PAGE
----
ALEXANDRIA — Every year at Christmastime, tens of thousands of people flock to the botanical gardens in New York, Chicago and Washington, D.C., to see their city's landmarks miniaturized and covered in plant materials, with waterfalls, bridges and model trains running through the scenes.
The U.S. Capitol building, Washington Monument, Lincoln Memorial, Statue of Liberty and just about any other immediately recognizable landmark are all there in amazing detail.
The man making them is Paul Busse, a Northern Kentucky landscape architect whose company, Applied Imagination, has gained international acclaim.
Busse, 59, is just starting to work with The Arboretum on Alumni Drive to create a railway for the new Kentucky Children's Garden, which is expected to be completed next year.
Someday visitors might see Kentucky landmarks such as the state Capitol building, Churchill Downs or Abraham Lincoln's boyhood home replicated there.
Busse's buildings are constructed from a sturdy foam product. Then every square inch is covered with botanical materials, such as pine cones, tree bark, black peppercorns and leaves.
A twisted branch or hollow log is a treasure that Busse can transform into a whimsical chimney or a tunnel for trains.
"There's really nothing you can't express through plant material," he said.
Each building is soaked in eurethane to help it withstand the elements, although Busse recommends that the buildings be brought inside during winter.
"Our garden at New Orleans Botanical Garden survived Katrina," he said. "They floated around for a week or so, but they all survived."
Busse takes delight in using natural materials to replicate architectural details, sometimes giving them even more character than the original edifice.
The first time he saw St. Patrick's Cathedral, a building he had already miniaturized, he was surprised.
"My first reaction was, 'Oh, it's just plain gray,'" he said.
In addition to the buildings, Applied Imagination constructs the giant bridges that people walk under and sets up the trains running from ground level up over the viewers.
"What I love to do is immerse the viewer three-dimensionally into the scene," Busse said. "I'd rather erase all the barriers between your world and the world you're entering."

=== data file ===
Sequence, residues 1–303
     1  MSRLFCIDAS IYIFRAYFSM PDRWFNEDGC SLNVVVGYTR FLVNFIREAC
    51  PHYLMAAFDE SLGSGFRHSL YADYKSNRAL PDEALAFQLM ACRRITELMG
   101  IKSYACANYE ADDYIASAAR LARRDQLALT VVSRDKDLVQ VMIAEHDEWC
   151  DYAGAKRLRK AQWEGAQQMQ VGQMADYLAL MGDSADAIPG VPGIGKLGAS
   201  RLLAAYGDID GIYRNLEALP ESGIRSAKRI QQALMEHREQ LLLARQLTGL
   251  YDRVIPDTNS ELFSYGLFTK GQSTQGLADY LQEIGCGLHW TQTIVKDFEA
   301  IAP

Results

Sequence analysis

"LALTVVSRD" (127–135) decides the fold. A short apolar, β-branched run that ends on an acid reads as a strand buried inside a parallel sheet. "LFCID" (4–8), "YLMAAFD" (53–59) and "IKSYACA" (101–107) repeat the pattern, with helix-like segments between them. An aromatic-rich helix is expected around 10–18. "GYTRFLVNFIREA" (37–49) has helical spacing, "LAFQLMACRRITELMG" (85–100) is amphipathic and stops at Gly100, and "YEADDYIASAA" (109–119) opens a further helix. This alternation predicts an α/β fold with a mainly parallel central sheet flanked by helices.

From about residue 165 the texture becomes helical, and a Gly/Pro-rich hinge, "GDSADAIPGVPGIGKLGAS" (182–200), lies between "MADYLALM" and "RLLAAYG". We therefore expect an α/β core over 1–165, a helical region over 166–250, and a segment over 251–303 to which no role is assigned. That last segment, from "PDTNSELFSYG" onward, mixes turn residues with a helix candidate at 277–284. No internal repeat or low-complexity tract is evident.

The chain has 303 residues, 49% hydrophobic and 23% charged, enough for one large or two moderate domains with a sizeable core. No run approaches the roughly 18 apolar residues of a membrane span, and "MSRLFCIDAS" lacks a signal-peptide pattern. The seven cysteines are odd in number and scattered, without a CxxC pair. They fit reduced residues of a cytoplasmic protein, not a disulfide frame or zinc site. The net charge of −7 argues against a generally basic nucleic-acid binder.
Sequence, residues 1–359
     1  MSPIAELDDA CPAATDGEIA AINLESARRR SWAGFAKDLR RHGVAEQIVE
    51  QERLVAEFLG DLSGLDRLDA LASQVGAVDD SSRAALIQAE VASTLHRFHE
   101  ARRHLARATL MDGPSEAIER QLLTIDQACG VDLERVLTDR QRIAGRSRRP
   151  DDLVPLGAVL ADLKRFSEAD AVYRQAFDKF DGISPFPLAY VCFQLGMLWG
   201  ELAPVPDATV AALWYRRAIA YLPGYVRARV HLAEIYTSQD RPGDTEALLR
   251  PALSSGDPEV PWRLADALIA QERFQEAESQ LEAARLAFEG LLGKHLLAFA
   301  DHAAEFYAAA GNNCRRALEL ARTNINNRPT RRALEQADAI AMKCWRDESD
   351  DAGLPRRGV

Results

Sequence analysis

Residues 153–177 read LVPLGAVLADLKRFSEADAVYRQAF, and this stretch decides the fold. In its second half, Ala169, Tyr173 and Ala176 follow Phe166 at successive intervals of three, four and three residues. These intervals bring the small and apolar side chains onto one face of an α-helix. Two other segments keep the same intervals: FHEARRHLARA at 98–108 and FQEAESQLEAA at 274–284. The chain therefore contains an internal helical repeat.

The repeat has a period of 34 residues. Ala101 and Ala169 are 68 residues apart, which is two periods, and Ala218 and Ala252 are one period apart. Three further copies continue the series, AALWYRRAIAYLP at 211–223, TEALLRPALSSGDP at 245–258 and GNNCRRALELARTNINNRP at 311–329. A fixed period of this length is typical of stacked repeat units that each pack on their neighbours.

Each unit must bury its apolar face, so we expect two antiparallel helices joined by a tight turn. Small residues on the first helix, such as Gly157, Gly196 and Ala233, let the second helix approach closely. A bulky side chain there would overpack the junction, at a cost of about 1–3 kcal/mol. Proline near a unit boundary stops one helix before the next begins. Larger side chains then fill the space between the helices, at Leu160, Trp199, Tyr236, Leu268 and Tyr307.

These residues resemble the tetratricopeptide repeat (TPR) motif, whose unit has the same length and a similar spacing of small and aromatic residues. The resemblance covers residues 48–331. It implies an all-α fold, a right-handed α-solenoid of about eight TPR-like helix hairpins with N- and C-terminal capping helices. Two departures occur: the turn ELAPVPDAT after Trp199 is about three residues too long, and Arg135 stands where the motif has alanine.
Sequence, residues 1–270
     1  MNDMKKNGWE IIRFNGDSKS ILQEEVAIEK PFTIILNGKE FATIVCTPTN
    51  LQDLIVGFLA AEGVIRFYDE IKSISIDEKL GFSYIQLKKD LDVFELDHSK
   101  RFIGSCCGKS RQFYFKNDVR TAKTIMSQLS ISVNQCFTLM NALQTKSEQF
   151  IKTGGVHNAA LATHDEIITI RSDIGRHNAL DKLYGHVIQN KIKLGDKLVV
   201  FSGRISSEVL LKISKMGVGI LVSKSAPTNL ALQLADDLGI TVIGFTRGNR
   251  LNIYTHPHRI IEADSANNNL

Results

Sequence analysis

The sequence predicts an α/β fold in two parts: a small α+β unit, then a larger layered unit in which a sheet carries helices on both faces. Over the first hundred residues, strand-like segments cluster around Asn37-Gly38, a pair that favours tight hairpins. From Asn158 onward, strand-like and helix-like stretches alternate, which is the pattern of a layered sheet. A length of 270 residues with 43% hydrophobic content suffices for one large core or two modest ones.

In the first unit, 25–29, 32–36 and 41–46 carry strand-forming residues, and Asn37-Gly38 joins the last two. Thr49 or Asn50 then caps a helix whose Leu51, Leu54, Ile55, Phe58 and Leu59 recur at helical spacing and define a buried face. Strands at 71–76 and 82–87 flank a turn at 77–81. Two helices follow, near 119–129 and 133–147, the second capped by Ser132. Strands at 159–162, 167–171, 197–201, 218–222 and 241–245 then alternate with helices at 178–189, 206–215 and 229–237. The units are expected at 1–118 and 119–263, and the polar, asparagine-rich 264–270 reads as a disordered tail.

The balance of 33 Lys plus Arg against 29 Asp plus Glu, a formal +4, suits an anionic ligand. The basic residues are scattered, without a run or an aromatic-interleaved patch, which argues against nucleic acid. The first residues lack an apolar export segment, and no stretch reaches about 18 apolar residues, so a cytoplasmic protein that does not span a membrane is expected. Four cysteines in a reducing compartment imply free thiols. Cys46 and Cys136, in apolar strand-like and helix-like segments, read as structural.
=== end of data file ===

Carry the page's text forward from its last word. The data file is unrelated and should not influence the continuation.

The path Busse's life has taken began in childhood.
"As long as I can remember, I always had a toy train," he said.
Even in grade school, he said he loved gardening. He began his career doing traditional landscape architecture, but in 1982 Busse created a train exhibit with landscaping for the Ohio State Fair.
Several years later, he covered some of his first buildings with plant materials for the Krohn Conservatory in Cincinnati.
After he made a German village railroad display for AmeriFlora, an international horticultural convention held in Columbus, Ohio, in 1992, the garden railway business blossomed.
"It was always a creative choice," Busse said. "I'm sure I could've made a lot more money doing repetitive decks."
These days, Busse is primarily concerned with designing garden railways and making sure proportions are right on the structures that go in them.
He oversees a staff of 12 people at the workshop near his home on a wooded hillside.
"It's been a while since I glued on a bunch of leaves," he said.
His work meets the criteria for the Rose Bowl parade, Busse said, and he's experimented with driving model trains around town on a trailer hitched to a truck.
"Alexandria thinks he's a pretty colorful guy," joked Cindy Johnson, an employee whose title is "botanical architect."
Last Christmas, Busse and his staff decorated the window for ABC's offices in Times Square.
Last spring, they built the centerpiece for the Macy's Flower Show — a five-foot-tall replica of Macy's historic building used as a large floral vase.
Two years ago, Busse was the subject of a documentary that aired nationally on PBS.
"Paul is an amazingly creative person," said Andrea Schepmann, director of the Krohn Conservatory.
The centerpiece of the conservatory's annual Christmas show is a 17-foot-tall music box decorated with famous Cincinnati landmarks created by Busse. Trains run up and down the entire display.
In past years, Busse's lighthouse collection and structures from Washington, D.C., have been brought in for summer shows.
"All of these were done impeccably," Schepmann said.
As Busse's fame has grown, she said, "we feel very fortunate to still be able to work with Paul."
Marcia Farris, director of The Arboretum, said she met Busse about 10 years ago in a garden outside Philadelphia and has wanted to work with him ever since.
"It has been my experience that people love the garden train," she said, adding that one of the main goals of the children's garden as a whole is to "really connect them with nature at an early age."
The project is still in the design stages, and more money needs to be raised to help see it through.
"We're going to make it happen," Farris said.
Busse has agreed to work with The Arboretum to help control the cost of the railway, but he still has materials and other costs that will have to be covered.
One option being explored is a collaboration with the University of Kentucky School of Architecture in which students might help construct the railway.
"We do everything else everywhere except Kentucky," Busse said. "I thought it would be nice to see something happen."
To contribute to the Kentucky Children's Garden or for information on volunteer opportunities at The Arboretum, call (859) 257-6955.